I didn’t touch a drug until the age of 18. I had spent all my time in high school avoiding drugs at all costs and playing a lot of baseball. Even when it came to drinking I wasn’t very interested. Drugs meant a lot of danger when I was a kid, I really bought into that idea, it’s not even an idea, it’s completely true. I grew up in New Jersey in the beautiful suburbs in a neighborhood filled with kids. I had loving parents. I really couldn’t ask for a better life as a kid. The thought that only people with troubled childhoods grow up to be drug addicts is completely false, I am living proof.
My first week of college is when I tried some weed somebody was passing around. I didn’t think twice about it, after growing up with so much fear I’m not sure why I said yes with no hesitation this time. Perhaps because I was no longer living under the same roof as my parents, the feeling of freedom as I lived in my freshman year college dorm. Whatever it was that made me do it, I had an experience that night. Getting stoned was an eye opening experience, one that I wanted to feel for the rest of my life. Very quickly my top priority became to be stoned all the time. Obvious early signs of a drug addict.
I lasted about two years in college, I favored getting stoned over going to class. Not exactly the best formula for being successful in college. After those two years I moved back home, im my moms basement of all places and boy did I feel like a loser. While sitting in my own pity, one night a friend of a friend had some painkillers for sale. I bought them under the warning that “I would like them too much”, that made me really want them. I remember taking a few, smoking a cigarette and then throwing up almost immediately after that cigarette. I loved it. For the next two years my life took such a drastic drop down in quality it still amazes me when I reflect back on it. At the start of age 18 I had tried zero drugs, by then end of age 20 I was checking into a rehab. Mind blowing.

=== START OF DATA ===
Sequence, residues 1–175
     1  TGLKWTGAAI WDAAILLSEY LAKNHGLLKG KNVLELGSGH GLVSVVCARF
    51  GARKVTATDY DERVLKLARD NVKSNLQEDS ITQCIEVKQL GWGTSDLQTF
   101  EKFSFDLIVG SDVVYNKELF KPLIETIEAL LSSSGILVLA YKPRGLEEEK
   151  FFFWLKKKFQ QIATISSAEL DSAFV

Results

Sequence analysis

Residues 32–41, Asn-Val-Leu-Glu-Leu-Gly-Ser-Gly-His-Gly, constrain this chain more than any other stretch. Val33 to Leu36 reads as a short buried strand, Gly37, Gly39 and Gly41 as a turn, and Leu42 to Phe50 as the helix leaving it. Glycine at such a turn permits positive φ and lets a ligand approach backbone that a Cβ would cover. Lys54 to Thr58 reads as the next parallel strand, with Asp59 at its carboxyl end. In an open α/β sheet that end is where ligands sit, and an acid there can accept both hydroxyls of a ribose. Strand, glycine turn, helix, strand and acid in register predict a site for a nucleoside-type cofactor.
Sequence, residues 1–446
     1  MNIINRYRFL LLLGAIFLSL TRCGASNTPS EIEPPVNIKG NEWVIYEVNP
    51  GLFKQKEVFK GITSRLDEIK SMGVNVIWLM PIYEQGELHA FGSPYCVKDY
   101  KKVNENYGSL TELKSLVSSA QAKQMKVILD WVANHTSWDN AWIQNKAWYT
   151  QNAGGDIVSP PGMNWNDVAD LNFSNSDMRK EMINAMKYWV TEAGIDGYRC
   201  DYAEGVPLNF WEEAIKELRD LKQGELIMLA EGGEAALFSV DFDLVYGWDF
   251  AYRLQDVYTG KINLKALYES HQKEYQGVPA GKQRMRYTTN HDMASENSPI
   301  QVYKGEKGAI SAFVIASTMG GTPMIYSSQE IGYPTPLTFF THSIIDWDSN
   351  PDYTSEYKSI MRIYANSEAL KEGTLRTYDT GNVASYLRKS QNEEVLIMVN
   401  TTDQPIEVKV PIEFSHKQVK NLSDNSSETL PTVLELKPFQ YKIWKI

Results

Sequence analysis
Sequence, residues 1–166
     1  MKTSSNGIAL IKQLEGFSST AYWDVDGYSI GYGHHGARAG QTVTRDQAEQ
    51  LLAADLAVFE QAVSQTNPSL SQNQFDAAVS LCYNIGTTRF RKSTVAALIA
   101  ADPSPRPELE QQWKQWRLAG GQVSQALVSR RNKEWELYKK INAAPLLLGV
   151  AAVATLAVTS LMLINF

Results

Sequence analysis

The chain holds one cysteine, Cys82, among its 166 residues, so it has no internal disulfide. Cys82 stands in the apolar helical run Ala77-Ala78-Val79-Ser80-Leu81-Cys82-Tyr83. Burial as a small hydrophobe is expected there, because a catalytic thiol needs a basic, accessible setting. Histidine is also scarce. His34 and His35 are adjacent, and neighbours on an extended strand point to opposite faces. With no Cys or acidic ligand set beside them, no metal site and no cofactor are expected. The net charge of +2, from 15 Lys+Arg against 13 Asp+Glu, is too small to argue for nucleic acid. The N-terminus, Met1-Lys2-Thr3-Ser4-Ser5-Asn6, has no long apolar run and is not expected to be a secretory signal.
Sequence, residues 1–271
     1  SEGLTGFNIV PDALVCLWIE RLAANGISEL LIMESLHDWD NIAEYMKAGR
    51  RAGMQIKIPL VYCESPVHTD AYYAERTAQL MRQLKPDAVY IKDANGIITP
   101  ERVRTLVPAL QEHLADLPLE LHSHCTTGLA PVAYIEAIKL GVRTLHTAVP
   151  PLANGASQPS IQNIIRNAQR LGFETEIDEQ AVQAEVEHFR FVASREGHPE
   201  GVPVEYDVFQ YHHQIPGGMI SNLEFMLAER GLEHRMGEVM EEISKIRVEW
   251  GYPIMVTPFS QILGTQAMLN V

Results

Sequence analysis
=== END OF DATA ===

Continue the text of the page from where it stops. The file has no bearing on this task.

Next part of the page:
People seem to think that just going to inpatient treatment will fix an addict and keep him from using drugs forever. It’s simply not the truth, if it were that easy we would not be having a massive opiate overdose epidemic right now. Understanding the basis of what it means to be a drug addict and admitting you are one or not is not what it takes to stay clean the rest of your life. Recovery involves a deep spiritual transformation which for most (not all) are found through a 12 step process. The laymen doesn’t seem to know much about the 12 steps, so the government can throw all the money they want at more treatment opportunities, which is great, but there has to be an understanding that treatment does not fix people. It simply provides the addict a foundation to jump off from, what they do with that foundation is entirely up to the addict themselves. Unfortunately most do not take the spiritual path and find themselves exactly where they left off, if not dead.
I went to treatment five times. To tell you the truth, the first four I just was not ready to change. A big part of entering recovery is having been beaten down enough in life to surrender and be open to a new way of life. It’s a rather unfortunate part of recovery but I have found it to be very true. When I wasn’t beaten down enough, I would go to treatment and think I knew what was best for me, and what I thought was best for me took me out every time. Until I completely gave up any control of my life for a while, nothing changed. I don’t know how you combat that when it comes to the epidemic we face right now. Sure we can curb deaths and reduce crime from things like safe injection sites for heroin. That isn’t helping the actual addict though. My only hope today, as someone who is nearly 5 years clean now is that I can get through to somebody and help them myself. Show them the truth of this whole ordeal myself and show them a way out.